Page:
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House of Commons
Session 2008 - 09
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Public Bill Committee Debates

The Committee consisted of the following Members:

Chairman: Mr. David Wilshire
Austin, John (Erith and Thamesmead) (Lab)
Breed, Mr. Colin (South-East Cornwall) (LD)
Browne, Mr. Jeremy (Taunton) (LD)
Dowd, Jim (Lewisham, West) (Lab)
Duddridge, James (Rochford and Southend, East) (Con)
Evans, Mr. Nigel (Ribble Valley) (Con)
Hoban, Mr. Mark (Fareham) (Con)
Holloway, Mr. Adam (Gravesham) (Con)
Hopkins, Kelvin (Luton, North) (Lab)
Hughes, Beverley (Stretford and Urmston) (Lab)
Keen, Alan (Feltham and Heston) (Lab/Co-op)
McNulty, Mr. Tony (Harrow, East) (Lab)
Mercer, Patrick (Newark) (Con)
Mudie, Mr. George (Leeds, East) (Lab)
Pearson, Ian (Economic Secretary to the Treasury)
Ryan, Joan (Enfield, North) (Lab)
Mark Oxborough, Committee Clerk
† attended the Committee

Twelfth Delegated Legislation Committee

Thursday 2 July 2009

[Mr. David Wilshire in the Chair]

Draft International Monetary Fund (Limit on Lending) Order 2009
8.55 am
The Economic Secretary to the Treasury (Ian Pearson): I beg to move,
That the Committee has considered the draft International Monetary Fund (Limit on Lending) Order 2009.
It is a pleasure to serve under your chairmanship, Mr. Wilshire. The order increases the limit on the amount that the International Monetary Fund can borrow from the UK. Over the past few months, countries across the world have made important commitments to increase the resources available to the IMF. It is now crucial that these commitments are finalised, so that the fund has increased capacity to support the stability of the international monetary system. Through its core responsibilities for economic surveillance and the provision of financial assistance, the IMF has a critical role in promoting economic growth and financial stability. A reinvigorated IMF, with greater resources and a well-focused mandate, is needed to ensure that the response to the crisis is co-ordinated and comprehensive, and that the global economy is put on a sustainable path to recovery and growth. As part of the global drive to safeguard the fund’s lending capacity, the UK has announced its intention to provide a $15 billion bilateral loan. The order will allow the UK to fulfil its international responsibilities and help the IMF carry out its vital mandate.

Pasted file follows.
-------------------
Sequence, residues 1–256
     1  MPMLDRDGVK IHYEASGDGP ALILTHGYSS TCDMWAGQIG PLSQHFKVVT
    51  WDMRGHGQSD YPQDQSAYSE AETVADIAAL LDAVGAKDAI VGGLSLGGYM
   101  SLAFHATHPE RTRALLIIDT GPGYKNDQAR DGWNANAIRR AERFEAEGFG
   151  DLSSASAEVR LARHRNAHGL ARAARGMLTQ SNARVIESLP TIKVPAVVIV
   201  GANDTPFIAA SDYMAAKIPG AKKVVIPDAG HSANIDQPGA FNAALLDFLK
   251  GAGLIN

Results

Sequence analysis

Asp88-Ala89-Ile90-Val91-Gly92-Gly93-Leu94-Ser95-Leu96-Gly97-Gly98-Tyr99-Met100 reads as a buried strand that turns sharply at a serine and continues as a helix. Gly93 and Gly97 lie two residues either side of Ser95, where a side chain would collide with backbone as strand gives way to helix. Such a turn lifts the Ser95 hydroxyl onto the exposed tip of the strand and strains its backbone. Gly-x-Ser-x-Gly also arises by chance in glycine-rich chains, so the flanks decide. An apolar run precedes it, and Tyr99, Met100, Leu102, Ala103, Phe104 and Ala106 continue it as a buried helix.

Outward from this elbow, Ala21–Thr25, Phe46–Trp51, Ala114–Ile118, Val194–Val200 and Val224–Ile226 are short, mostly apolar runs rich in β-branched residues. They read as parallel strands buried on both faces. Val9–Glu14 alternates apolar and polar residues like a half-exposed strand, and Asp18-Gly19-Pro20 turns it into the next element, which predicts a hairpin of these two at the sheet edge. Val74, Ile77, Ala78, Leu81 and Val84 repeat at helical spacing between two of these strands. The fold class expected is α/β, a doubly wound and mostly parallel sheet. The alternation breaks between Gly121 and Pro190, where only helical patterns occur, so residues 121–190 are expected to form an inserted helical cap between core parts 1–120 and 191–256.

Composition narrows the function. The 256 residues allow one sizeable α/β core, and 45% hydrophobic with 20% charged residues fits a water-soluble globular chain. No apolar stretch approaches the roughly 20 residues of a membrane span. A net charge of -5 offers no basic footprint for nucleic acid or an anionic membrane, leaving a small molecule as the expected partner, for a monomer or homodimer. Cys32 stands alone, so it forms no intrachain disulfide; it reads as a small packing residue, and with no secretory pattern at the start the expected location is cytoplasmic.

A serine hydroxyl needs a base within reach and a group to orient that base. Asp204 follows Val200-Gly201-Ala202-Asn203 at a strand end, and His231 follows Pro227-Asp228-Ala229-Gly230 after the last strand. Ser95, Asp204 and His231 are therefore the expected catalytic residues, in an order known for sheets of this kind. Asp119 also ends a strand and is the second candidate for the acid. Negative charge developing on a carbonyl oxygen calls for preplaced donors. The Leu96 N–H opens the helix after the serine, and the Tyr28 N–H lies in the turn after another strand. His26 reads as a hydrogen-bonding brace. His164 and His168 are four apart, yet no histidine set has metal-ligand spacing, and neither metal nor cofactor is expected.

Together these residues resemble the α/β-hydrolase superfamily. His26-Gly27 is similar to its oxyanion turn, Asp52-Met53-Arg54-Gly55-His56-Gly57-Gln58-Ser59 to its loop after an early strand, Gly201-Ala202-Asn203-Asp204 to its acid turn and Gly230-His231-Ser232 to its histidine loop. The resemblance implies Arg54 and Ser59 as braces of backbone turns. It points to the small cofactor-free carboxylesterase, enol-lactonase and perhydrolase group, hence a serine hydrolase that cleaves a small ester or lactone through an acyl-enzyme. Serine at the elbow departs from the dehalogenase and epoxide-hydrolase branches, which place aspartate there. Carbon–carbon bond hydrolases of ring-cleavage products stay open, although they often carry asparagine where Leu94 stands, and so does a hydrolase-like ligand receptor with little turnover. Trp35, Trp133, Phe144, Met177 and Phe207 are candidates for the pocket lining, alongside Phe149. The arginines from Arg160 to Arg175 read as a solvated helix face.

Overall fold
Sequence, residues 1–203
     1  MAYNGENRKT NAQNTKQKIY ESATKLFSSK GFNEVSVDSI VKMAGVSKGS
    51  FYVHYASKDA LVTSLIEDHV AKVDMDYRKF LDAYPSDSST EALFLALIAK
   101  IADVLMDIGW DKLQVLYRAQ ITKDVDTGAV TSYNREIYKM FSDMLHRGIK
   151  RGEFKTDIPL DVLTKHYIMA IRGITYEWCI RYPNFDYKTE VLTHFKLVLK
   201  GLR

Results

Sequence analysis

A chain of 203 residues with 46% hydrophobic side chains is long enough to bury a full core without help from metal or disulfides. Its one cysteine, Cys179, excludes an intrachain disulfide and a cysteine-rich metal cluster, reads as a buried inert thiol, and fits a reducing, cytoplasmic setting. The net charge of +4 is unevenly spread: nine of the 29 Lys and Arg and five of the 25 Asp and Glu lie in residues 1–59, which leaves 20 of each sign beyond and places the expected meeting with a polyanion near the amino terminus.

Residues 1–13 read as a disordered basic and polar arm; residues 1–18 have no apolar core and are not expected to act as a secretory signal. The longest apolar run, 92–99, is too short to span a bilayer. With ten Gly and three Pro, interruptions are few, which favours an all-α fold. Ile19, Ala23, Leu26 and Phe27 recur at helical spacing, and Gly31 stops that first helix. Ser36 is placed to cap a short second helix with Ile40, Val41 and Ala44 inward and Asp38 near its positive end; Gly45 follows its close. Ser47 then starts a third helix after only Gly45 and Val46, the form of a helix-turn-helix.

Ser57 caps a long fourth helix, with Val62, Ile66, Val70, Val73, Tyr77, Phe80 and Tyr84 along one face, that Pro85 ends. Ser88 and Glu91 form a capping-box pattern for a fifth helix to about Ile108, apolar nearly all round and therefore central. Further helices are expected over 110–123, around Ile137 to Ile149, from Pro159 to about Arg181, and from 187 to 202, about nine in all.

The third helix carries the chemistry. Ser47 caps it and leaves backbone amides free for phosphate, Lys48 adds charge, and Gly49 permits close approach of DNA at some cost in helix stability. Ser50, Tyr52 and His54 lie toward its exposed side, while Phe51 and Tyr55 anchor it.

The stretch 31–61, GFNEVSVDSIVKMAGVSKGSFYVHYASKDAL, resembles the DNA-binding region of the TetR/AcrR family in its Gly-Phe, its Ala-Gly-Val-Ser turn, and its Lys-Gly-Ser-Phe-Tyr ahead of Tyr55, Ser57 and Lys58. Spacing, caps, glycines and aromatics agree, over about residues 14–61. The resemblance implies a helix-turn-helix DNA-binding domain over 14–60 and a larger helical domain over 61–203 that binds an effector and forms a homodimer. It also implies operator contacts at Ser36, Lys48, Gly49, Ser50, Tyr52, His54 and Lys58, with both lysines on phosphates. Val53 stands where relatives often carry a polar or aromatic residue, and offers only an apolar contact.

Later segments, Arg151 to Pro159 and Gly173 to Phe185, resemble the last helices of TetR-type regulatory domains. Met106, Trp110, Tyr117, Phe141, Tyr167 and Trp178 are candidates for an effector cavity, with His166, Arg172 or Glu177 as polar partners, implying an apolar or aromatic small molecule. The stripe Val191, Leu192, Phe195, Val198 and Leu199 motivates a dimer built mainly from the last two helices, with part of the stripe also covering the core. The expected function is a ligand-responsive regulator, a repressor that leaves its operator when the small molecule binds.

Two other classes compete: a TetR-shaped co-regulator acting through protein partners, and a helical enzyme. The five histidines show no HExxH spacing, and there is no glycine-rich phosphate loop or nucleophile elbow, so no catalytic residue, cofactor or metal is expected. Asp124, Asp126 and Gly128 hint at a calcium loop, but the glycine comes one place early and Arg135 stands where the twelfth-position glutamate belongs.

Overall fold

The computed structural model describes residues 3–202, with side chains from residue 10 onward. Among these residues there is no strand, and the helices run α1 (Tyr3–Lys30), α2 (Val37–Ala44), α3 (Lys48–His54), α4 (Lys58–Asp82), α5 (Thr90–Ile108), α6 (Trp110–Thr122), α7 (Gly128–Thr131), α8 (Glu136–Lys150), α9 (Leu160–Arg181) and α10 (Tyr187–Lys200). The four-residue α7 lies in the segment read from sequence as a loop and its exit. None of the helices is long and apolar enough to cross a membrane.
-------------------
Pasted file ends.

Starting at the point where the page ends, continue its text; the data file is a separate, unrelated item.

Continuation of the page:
An important outcome of the London G20 summit on 2 April was the UK’s brokering of an agreement to treble the lending capacity of the IMF from $250 billion to $750 billion. Of that money, $250 billion will be provided through bilateral arrangements, as this represents the quickest way to mobilise the needed resources. G20 leaders also agreed to a future enlargement of the IMF’s multilateral new arrangements to borrow, by up to $500 billion, alongside an expansion of the number of creditors. It is envisaged that the bilateral loans will serve as a bridge to the expanded new arrangements to borrow. If the fund should need to call upon these loans, they would be repaid to the lender country in full and with interest.
The funds will be targeted at supporting growth in emerging markets and developing countries by helping finance counter-cyclical spending, bank recapitalisation and balance of payments support. Alongside this substantial increase in resources, the IMF has, over the past few months, made significant reforms to its lending framework to enhance flexibility and better tailor its facilities to the needs of members. It is crucial that emerging and developing economies can continue to receive the capital flows on which they depend. Some 70 per cent. of world economic growth has come from those economies over the past few years, and we must not let them down now. Without concerted international action, vulnerable countries might face difficulties securing financial support from the IMF, which could quickly exacerbate the costs of the global economic crisis. We must ensure, therefore, that the increased pressure on the IMF’s lending capacity is addressed swiftly and that additional resources are received without delay. It is also necessary to ensure that the responsibility of providing these resources is shared fairly across IMF membership.